BOSTON -- Philadelphia Flyers goalie Brian Boucher wishes he had one more chance at that overtime game-winner by Boston's Marc Savard that sent TD Garden into a state of euphoria on Saturday afternoon.
After all, he was seeing everything else directed his way en route to 14 stops in the extra period before the hometown hero fired a rope over Boucher's left shoulder from the right circle at the 13:52 mark to give the Bruins a 1-0 lead in this best-of-7 Eastern Conference Semifinal.
The five goals were the most Boucher has allowed in six Stanley Cup Playoff games this season and, really, he couldn't be faulted. He finished the contest with 41 saves, many of the spectacular variety.
"(Savard) put it in a good spot, up top over the glove," Boucher said. "I don't know if it was a broken play, but we were hemmed in there and he pretty much got all of it. It's tough to say; I'd like to have that one back, knowing now where he put it. But that's why they're happy to get him back. He's a guy who can do that and hopefully we'll come back strong for Game 2 (on Monday)."
While the Flyers struggled to find their legs in the opening period, it was Boucher who maintained his poise and positioning to keep his club within striking distance -- allowing two goals on 15 shots. Despite the loss, Boucher still sports a 2.07 goals-against average and .928 save percentage -- he yielded his first even-strength goal in 10 periods when Steve Begin connected 2:39 into the first.
"He was awesome," said Flyers defenseman Chris Pronger, who logged a team-high 31:23 of ice time. "Obviously, that overtime for the first two-and-a-minutes, he made countless unbelievable saves. He stuck with the guy when he faked that shot and stayed square to the puck. It's not easy for a goaltender to follow through traffic and through guys in front. He made some unbelievable saves for us."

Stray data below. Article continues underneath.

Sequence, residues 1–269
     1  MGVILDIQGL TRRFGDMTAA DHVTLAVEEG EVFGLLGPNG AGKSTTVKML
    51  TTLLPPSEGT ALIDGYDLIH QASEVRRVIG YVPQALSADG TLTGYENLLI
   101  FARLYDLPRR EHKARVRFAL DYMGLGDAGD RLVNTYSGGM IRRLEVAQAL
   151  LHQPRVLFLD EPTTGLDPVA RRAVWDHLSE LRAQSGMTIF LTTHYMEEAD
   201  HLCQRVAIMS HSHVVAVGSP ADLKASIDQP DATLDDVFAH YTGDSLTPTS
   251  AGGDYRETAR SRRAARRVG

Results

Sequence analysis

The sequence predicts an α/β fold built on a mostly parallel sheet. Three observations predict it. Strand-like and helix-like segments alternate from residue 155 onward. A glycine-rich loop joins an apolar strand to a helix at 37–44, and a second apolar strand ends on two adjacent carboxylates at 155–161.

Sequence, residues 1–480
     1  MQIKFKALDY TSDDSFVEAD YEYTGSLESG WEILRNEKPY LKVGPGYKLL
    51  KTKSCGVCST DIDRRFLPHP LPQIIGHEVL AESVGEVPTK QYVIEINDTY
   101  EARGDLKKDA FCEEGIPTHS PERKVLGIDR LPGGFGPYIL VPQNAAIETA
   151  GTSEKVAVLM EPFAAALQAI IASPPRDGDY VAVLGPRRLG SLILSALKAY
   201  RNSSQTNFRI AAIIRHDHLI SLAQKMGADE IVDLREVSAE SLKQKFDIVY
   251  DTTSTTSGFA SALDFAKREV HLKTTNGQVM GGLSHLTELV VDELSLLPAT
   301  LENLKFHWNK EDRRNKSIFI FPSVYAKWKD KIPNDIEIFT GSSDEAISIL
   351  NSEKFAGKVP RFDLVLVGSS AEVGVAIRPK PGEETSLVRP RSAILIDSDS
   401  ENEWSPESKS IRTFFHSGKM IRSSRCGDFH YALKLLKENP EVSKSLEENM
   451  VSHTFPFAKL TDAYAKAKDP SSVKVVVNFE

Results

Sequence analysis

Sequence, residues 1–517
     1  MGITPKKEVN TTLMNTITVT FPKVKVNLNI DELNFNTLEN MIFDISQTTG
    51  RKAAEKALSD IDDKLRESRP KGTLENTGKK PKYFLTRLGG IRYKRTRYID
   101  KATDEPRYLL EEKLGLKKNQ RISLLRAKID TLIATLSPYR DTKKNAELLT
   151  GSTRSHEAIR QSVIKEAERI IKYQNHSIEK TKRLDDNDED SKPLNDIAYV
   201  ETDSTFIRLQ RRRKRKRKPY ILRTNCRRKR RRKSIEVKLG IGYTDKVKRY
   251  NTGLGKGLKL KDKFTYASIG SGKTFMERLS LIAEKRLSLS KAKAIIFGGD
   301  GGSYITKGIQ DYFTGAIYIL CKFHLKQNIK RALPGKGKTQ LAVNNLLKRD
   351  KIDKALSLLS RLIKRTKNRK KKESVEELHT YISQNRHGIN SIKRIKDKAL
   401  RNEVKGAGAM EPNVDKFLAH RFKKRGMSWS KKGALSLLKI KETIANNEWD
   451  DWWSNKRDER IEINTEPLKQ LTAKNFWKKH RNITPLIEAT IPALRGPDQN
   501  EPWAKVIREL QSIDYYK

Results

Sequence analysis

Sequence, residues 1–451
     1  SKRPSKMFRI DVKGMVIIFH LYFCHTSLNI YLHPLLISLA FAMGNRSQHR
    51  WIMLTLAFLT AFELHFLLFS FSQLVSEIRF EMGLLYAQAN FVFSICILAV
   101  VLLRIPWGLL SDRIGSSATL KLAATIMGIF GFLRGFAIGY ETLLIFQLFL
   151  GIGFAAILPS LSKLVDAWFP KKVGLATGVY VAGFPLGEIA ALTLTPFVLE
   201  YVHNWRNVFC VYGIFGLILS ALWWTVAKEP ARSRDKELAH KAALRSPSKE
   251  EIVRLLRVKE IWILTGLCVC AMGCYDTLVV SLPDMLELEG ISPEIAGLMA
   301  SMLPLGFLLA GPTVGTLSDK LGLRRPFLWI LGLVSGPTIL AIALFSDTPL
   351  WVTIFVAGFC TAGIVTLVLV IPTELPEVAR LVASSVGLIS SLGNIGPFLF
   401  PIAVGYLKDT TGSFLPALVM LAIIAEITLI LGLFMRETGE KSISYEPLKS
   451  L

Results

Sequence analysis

Boucher stopped Boston's Michael Ryder on a pair of point-blank opportunities in the overtime, including a sensational left-arm denial on an uncontested rip from between the circles. He even denied Boston's towering defenseman Zdeno Chara on consecutive slap shots from the point just before Savard would score his eighth playoff goal in 19 career games.
"I though the first and overtime periods were when they were at their best," Boucher said. "I thought we played a good second period and thought they got a little lucky break on that (second-period) goal (by Miroslav Satan). We blocked a shot and it went right onto his tape on his forehand. But I did feel they were the more desperate club in the first and overtime."
After playing in perhaps his most physically demanding game of the playoffs so far, Boucher remained upbeat and positive.
"I felt pretty good (throughout)," he said. "I felt good about my game. Unfortunately we didn't get the result we wanted."
Flyers coach Peter Laviolette, who wasn't thrilled with his team's opening period when the eight-day layoff seemed to really have an effect, felt Boucher kept the game within reach with his effort in the opening 20 minutes.
"I think everyone was kind of in the same boat," Laviolette said. "When your team's not playing well, there are usually more chances and more opportunities than a goaltender wants or than we're used to giving him.
"I think we move together as a team," he added. "We started poorly, in the second we gave up the power-play goal and the third was our best (period). The chances were definitely in our favor (in the third). As the game went on, (Boucher) got stronger."
Follow Mike Morreale on Twitter at: @mike_morreale